Army charity hoards more cash than gives out
Despite needs, limit set on aid
FORT BLISS, Texas - As soldiers stream home from Iraq and Afghanistan, the biggest charity in the US military has been stockpiling tens of millions of dollars meant to help put returning fighters back on their feet, an Associated Press investigation shows.
Between 2003 and 2007 - as many military families dealt with long war deployments and increased numbers of home foreclosures - Army Emergency Relief grew into a $345 million behemoth. During those years, the charity added $117 million to its reserves while spending just $64 million on direct aid, according to an AP analysis of its tax records.
AER is funded predominantly by donations from troops. Tax-exempt and legally separate from the military, it projects a facade of independence but really operates under close Army control.
The nonprofit allows superiors to squeeze soldiers for contributions; forces struggling soldiers to repay loans, sometimes by delaying transfers and promotions; and often violates its own rules by rewarding donors, such as giving free passes from physical training, the AP found.
Founded in 1942, AER eases cash emergencies of active-duty soldiers and retirees and provides college scholarships for their families. Its emergency aid covers mortgage payments and food, car repairs, medical bills, travel to family funerals, and the like.
Instead of giving money away, though, the Army charity lent 91 percent of its emergency aid from 2003 to 2007. For accounting purposes, the loans, which are interest-free, are counted as expenses only when they are not paid back.
During that same five-year period, the smaller Navy and Air Force charities both put far more of their own resources into aid than reserves.
The Air Force charity kept $24 million in reserves while dispensing $56 million in total aid, which includes grants, scholarships, and loans not repaid. The Navy charity put $32 million into reserves and gave out $49 million in total aid.
AER executives defend their operation, insisting that they need to keep sizable reserves to be ready for future catastrophes.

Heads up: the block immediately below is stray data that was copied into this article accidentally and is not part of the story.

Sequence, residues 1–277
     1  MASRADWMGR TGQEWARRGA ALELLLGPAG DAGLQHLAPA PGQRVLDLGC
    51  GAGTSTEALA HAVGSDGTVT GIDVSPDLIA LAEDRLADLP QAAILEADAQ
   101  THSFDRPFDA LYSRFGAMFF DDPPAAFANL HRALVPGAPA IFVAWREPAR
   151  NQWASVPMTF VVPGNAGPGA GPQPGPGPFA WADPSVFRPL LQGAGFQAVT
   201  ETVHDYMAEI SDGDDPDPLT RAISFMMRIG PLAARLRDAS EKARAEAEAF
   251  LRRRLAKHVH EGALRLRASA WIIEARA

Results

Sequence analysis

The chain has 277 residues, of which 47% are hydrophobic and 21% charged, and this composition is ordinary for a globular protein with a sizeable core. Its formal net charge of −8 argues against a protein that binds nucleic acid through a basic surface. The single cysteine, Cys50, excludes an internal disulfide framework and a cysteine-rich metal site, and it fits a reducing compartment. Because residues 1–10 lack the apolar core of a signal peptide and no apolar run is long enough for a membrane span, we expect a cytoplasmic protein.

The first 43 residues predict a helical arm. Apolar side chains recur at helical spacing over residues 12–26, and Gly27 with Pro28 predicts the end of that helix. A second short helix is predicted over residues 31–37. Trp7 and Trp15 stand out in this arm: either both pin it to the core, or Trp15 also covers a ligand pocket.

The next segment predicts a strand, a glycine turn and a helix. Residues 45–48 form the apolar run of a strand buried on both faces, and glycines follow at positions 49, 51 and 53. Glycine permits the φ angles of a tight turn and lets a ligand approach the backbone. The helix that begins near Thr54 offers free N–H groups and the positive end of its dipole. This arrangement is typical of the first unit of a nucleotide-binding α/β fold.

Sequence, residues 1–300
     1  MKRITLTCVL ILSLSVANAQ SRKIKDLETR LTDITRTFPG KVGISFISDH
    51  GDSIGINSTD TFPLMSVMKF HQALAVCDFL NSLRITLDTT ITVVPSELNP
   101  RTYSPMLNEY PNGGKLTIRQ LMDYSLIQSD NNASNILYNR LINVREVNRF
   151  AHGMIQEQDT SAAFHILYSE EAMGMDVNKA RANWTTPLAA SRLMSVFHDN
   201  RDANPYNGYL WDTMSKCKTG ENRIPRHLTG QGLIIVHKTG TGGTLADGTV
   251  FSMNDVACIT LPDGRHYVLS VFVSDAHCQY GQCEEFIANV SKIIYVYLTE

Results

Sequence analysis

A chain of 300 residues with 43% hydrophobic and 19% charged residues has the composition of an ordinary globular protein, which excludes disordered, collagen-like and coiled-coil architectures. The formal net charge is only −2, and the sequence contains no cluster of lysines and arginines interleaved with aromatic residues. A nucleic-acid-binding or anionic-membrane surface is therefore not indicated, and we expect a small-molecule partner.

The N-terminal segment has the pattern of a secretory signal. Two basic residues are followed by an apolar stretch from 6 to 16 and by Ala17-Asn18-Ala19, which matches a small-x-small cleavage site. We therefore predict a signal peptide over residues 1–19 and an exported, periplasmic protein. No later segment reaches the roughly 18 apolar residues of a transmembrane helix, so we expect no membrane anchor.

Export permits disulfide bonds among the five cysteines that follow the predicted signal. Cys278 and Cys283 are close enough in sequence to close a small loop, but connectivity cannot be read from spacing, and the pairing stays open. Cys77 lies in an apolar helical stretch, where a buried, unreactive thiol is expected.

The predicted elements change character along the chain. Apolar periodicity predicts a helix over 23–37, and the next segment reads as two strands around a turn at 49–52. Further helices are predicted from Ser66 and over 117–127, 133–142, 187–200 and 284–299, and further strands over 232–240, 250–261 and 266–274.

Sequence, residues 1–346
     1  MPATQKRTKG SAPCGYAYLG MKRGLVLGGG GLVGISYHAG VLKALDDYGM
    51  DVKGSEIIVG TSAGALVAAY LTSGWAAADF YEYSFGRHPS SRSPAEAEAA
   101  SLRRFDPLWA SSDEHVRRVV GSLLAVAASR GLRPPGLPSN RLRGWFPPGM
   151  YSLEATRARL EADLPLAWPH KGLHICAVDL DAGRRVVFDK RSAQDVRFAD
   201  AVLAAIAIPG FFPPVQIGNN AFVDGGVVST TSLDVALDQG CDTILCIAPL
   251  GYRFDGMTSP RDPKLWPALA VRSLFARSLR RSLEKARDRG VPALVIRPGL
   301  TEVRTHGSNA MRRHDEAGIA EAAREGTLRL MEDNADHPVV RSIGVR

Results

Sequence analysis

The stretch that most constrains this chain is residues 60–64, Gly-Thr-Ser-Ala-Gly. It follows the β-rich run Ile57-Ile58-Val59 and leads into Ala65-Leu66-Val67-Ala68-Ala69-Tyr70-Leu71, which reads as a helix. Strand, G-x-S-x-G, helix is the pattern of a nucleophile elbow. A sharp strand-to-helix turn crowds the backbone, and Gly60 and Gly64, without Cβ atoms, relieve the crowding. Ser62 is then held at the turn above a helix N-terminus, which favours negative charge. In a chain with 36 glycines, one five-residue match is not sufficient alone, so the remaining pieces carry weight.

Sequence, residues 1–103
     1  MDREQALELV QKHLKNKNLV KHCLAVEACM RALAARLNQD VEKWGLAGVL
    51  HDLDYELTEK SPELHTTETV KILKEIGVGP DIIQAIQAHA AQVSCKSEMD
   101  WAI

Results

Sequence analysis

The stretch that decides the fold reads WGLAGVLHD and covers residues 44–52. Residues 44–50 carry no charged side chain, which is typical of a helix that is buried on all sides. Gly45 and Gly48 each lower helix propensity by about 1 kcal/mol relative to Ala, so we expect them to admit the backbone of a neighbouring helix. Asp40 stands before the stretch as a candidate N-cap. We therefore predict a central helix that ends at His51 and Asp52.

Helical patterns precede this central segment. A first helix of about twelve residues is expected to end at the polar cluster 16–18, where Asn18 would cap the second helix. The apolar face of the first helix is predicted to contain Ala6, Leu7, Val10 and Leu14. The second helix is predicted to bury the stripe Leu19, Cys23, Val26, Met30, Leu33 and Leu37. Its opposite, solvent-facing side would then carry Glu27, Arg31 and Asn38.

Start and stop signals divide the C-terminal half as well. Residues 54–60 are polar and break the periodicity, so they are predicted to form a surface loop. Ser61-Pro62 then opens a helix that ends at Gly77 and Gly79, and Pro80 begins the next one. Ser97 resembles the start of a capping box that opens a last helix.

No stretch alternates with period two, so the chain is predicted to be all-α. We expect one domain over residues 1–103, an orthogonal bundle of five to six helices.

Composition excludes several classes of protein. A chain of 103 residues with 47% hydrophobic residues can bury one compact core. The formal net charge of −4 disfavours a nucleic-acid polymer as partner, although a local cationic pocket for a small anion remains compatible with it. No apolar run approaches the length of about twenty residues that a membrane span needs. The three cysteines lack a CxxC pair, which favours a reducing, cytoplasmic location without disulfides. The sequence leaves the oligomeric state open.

"Look at the stock market," said retired Colonel Dennis Spiegel, AER's deputy director for administration. Without the large reserve, he added, "We'd be in very serious trouble."
But smaller civilian charities for service members and veterans say they are swamped by the needs of recent years, with requests far outstripping ability to respond.
While independent on paper, Army Emergency Relief is housed, staffed, and controlled by the Army.
Eric Smith, a spokesman for the Internal Revenue Service, said his agency doesn't offer opinions on particular charities' activities. But Marcus Owens, former head of IRS charity oversight, said such charities as AER can legally work closely with government agencies.
However, Owens said, problems sometimes arise when their missions diverge. "There's a bit of a tension when a government organization is operating closely with a charity," he said.
Charities linked to other services operate along more traditional nonprofit lines.
The Air Force Aid Society has board members from outside the military to foster broad views. The Navy-Marine Corps Relief Society pays 225 employees and deploys a corps of about 3,400 volunteers, including some from outside the military.
Most charity watchdogs view one to three years of reserves as prudent, with more than that considered hoarding. The American Institute of Philanthropy says AER holds enough reserves to last about 12 years at its current level of aid.
Daniel Borochoff, president of the American Institute of Philanthropy, said that AER collects money very efficiently. "What the shame is," he said, "is they're not doing more with it."
National administrators say they've tried to loosen the purse strings.
The most recent yearly figures do show a tilt by AER toward increased giving.
Still, Borochoff's organization, which grades charities, gives the Army charity an "F" because of the hoarding.